Coronavirus (also known as COVID-19) is a new illness that can affect your lungs and airways. It’s caused by a virus called coronavirus.
The Protect Scotland app from NHS Scotland’s Test and Protect is a free, mobile phone app designed to help us protect each other, reduce the spread of coronavirus and avoid further lockdowns.
The app will alert you if you have been in close contact with another app user who tests positive for coronavirus. And if you test positive, it can help in determining contacts that you may have otherwise missed while keeping your information private and anonymous.
A coronavirus is a type of virus.
Typical symptoms include a new continuous cough and/or a high temperature (37.8C or greater).
Generally, coronavirus can cause more severe symptoms in people with weakened immune systems, older people, and people with long-term conditions like diabetes, cancer and chronic lung disease.
If you noticed a loss of smell or taste, this can also be a sign of coronavirus.
Due to the ongoing situation with coronavirus, we have taken the decision to suspend all face-to-face support and testing services from SX, and to close our bases in Edinburgh and Inverness.
These changes, which will remain in place until further notice, have been made in order to safeguard the health and wellbeing of the men using our services, along with our team of volunteers and staff.
Despite the suspension of face-to-face services, we want to ensure that those looking for information, advice and support with any aspect of the physical, mental or sexual health and wellbeing are still able to do so.
We will continue to provide these services over phone, text, email and apps, with lots more information available on this site, and through our new dedicated live chat service.
You can reduce your risk of catching and spreading respiratory infections like coronavirus by practising good respiratory hygiene. That means:
We recommend this good hand guide produced by the NHS...
If you've developed a new continuous cough, experienced a loss of smell and taste, and/or a high temperature in the last 7 days, stay at home for 7 days from the start of your symptoms even if you think your symptoms are mild. Do not go to your GP, pharmacy or hospital.
Phone 111 if your symptoms:
You should also phone 111 if you develop breathlessness or it worsens, especially if you:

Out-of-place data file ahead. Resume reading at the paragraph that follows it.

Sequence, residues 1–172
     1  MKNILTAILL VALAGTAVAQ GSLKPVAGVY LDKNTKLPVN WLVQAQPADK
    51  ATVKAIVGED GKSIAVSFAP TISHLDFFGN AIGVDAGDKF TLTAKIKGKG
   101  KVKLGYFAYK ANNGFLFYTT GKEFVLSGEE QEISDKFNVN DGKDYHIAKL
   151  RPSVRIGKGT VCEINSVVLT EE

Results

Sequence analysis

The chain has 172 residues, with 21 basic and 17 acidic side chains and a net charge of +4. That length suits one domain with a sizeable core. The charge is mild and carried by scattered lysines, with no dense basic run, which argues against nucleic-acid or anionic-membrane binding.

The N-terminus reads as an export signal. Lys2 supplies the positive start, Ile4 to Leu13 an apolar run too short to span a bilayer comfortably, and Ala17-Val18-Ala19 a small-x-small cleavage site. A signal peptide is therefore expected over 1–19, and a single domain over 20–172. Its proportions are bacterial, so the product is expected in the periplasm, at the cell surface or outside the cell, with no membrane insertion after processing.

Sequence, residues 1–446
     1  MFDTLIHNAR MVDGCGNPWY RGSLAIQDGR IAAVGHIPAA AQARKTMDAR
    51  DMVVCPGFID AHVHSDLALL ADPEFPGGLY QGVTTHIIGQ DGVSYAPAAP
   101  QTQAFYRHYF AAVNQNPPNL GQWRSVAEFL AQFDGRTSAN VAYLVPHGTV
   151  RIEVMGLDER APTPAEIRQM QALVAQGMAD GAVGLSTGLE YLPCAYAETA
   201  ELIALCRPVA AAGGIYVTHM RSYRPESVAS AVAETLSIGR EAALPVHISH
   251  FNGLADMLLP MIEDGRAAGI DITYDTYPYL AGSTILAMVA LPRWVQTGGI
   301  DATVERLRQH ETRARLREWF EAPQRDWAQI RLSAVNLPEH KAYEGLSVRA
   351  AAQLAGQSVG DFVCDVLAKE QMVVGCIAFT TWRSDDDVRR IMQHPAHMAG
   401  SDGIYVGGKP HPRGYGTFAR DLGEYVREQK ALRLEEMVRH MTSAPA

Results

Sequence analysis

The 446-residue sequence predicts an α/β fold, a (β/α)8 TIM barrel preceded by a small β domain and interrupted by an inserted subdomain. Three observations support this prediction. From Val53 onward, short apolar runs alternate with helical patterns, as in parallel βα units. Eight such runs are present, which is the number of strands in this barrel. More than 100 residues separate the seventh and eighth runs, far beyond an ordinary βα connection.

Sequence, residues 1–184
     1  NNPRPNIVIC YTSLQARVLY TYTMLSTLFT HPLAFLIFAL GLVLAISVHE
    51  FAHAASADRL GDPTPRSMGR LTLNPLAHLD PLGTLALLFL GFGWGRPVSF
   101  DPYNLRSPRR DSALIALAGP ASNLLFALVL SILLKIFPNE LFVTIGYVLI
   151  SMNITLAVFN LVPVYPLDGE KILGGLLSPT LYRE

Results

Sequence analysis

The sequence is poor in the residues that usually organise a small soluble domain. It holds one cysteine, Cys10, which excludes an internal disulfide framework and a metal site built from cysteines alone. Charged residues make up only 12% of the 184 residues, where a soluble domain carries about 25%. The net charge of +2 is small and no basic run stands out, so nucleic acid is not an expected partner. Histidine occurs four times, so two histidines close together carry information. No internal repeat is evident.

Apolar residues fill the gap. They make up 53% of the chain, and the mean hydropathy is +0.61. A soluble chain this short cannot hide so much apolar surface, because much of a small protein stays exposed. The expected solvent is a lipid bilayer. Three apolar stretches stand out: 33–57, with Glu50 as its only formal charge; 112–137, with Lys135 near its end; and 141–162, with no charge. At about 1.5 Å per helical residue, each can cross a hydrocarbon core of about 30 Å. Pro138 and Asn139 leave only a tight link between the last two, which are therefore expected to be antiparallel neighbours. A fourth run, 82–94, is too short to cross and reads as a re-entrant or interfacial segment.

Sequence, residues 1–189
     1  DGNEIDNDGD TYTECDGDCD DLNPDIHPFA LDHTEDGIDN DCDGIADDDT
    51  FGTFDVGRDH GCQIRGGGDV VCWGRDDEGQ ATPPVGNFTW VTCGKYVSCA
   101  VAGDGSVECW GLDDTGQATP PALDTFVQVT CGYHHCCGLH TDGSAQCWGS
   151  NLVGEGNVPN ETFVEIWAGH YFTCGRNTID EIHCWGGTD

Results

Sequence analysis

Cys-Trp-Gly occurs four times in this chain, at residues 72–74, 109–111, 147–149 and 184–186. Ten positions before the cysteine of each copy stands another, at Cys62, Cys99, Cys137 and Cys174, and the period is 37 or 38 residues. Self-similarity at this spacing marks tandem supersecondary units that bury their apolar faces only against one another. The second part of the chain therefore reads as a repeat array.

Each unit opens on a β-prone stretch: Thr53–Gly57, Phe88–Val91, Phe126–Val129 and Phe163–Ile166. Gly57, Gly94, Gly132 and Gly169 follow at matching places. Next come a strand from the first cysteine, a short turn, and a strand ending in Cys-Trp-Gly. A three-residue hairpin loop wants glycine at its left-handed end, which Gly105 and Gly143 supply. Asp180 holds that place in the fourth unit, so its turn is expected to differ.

If you have a medical emergency, phone 999 and tell them you have COVID-19 symptoms.
Check out the NHS Inform website which is regularly updated for further information.
Like when you have the flu, self-isolating means you should stay at home, indoors and should not go to work, school or public areas.
You should avoid having visitors to your home, but it is okay for friends, family or delivery drivers to drop off food.
To find out more about self isolation, answers to the most commonly asked questions, visit the NHS Inform Staying at Home advice page here.
Social distancing refers to steps that everyone can take to help reduce the spread of coronavirus by cutting down on social interactions.
People at increased risk of coronavirus are particularly advised to follow social distancing.
You can find out lots of information about steps you can take from the NHS Inform Social Distancing advice page.
If you live with someone who has symptoms, you'll need to stay at home for 14 days from the day their symptoms started. This is because it can take 14 days for symptoms to appear.
If more than 1 person at home has symptoms, stay at home for 14 days from the day the first person started having symptoms.
If you get symptoms, stay at home for 7 days from when your symptoms start, even if it means you're at home for longer than 14 days.
If you do not get symptoms, you can stop staying at home after 14 days.
PrEP will contiune to be a top priority for the NHS in Scotland to reduce the transmission of HIV.
Many clinics will speed up their PrEP service to reduce risks for patients. This might include some virtual services and shorter times at the clinic.